Information on the market is gathered and relayed to businesses using this method. It’s how companies learn essential details about their prospective clients, allowing them to divide the market into niches.

Product Research

Market analysis plays a crucial role in the product development process. Supplying data on market trends, product testing, and an analysis of the company’s present product mix helps businesses develop the best possible products.

Pricing Research

Market analysis helps companies determine the best-selling prices for their goods. Competitive pricing tactics, consumer price expectations, and the influence of external variables on pricing decisions may all be gleaned via marketing research.

Distribution Research

Learning how best to get goods to people as quickly as possible is the goal of this study on distribution methods. Distribution channels are analyzed and identified as a part of marketing research to select the most effective market intermediaries, lower distribution costs, and measure the channels’ efficacy.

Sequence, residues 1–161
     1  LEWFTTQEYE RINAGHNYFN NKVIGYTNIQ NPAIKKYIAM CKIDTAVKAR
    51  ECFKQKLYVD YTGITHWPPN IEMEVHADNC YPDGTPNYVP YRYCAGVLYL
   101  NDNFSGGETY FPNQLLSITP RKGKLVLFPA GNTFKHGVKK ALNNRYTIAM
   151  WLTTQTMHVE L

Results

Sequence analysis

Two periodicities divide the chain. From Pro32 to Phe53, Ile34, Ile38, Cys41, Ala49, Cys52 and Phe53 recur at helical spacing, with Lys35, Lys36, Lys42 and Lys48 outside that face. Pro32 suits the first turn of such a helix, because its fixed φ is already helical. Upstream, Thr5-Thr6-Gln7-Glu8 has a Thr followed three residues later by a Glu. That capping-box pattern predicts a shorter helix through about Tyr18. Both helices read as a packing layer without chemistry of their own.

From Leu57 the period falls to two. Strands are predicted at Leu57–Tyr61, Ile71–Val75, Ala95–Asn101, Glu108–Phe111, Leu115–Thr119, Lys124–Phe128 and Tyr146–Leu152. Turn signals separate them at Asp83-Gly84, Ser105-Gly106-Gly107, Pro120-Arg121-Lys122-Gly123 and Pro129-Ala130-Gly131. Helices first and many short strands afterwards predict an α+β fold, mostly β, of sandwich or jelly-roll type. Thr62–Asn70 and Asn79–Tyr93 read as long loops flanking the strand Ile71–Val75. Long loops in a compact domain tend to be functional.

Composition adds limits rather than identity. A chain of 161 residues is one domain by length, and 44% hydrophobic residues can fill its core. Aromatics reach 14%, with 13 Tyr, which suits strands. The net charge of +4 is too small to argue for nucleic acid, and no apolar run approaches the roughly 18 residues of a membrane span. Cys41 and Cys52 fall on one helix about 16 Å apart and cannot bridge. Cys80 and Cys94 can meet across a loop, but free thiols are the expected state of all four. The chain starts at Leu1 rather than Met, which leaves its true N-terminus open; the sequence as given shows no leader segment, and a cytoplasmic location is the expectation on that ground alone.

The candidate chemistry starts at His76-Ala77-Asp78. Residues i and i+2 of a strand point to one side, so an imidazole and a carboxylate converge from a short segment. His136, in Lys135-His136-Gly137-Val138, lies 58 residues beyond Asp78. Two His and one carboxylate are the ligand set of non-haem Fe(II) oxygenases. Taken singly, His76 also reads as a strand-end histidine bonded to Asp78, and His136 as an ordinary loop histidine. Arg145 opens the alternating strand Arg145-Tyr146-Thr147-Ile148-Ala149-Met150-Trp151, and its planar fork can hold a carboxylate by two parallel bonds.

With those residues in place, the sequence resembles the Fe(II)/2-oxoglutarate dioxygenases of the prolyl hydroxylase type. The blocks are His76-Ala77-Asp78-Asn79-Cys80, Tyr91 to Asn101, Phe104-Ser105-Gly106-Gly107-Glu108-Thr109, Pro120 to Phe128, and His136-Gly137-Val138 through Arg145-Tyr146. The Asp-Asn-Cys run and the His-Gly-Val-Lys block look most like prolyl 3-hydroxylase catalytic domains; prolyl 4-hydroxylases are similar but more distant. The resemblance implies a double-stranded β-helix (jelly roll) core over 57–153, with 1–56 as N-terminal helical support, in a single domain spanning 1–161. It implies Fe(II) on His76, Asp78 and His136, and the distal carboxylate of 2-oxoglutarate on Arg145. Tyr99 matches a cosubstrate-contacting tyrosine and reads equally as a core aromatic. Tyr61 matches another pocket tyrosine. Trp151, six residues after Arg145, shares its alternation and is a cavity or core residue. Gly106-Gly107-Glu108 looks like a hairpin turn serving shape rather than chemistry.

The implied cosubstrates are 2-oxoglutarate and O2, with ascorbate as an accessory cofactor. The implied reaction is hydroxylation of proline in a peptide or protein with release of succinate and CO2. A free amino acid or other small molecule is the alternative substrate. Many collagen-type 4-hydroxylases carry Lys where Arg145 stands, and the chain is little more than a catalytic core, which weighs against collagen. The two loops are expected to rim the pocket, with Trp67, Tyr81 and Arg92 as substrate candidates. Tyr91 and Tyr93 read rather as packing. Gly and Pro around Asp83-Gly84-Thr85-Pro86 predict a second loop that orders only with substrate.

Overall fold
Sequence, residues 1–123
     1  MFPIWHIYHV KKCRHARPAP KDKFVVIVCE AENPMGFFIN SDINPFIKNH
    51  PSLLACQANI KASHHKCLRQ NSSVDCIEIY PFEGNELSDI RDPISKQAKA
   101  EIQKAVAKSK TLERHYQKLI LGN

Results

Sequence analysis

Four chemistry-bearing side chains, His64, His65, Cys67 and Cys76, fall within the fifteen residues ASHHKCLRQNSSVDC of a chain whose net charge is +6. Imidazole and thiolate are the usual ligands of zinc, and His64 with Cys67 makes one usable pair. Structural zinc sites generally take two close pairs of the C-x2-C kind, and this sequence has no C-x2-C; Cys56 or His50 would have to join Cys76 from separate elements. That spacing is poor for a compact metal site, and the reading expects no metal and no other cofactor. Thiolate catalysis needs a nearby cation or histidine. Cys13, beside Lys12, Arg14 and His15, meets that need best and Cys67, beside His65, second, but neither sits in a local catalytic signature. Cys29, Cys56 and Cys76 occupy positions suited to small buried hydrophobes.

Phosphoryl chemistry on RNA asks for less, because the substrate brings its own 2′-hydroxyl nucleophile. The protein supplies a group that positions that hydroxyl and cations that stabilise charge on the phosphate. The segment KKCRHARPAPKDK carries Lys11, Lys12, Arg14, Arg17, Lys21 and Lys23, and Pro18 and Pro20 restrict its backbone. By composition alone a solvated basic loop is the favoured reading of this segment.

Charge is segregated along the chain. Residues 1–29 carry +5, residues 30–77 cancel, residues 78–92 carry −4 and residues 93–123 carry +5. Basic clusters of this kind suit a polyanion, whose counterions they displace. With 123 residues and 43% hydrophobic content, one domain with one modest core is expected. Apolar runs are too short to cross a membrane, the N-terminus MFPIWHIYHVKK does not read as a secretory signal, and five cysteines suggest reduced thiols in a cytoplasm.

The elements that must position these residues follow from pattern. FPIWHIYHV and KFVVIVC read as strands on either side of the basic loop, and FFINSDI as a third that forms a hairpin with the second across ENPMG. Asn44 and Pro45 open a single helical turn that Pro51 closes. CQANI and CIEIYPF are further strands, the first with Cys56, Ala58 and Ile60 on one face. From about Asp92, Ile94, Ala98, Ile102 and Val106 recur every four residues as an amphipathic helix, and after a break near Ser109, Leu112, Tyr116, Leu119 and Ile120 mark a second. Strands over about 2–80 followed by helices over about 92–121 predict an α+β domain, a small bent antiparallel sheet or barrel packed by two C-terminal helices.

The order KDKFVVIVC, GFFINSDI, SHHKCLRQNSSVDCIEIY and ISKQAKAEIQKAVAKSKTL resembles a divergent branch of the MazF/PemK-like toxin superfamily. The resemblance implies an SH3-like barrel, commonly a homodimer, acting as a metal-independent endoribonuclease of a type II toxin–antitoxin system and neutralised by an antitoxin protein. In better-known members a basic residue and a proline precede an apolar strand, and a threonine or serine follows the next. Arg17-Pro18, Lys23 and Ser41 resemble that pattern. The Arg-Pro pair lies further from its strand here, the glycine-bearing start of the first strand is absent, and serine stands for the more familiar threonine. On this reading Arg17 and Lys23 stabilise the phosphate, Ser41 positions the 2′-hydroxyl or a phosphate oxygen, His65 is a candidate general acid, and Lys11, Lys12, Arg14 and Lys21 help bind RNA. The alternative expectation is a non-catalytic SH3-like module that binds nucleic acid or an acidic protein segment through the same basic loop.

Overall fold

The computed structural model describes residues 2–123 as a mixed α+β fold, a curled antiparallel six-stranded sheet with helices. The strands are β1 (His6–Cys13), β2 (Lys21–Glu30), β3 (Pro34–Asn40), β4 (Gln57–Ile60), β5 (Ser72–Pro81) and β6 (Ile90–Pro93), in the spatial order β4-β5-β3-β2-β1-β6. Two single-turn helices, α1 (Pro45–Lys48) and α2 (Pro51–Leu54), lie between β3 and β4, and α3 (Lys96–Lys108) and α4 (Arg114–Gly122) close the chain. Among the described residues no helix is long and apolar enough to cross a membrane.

Customer Satisfaction Research

This involves speaking to consumers about their brand-related buying experiences. Marketing research aims to learn how customers feel about the items a business offers.

Disadvantages Of Not Conducting Marketing Research

Market research is crucial for more than just making some positive assumptions. As stated above, market research is beneficial, and not doing it might cost your company in the following ways:

Never Learning Your Competitive Advantages

Market research lets companies optimize practically every process. It highlights what processes or activities are on-brand, lean, and practical while also highlighting things your competitors may be doing you can incorporate, siphoning clients, growing market share, and gaining competitive momentum.

Avoiding Customer-Centric Marketing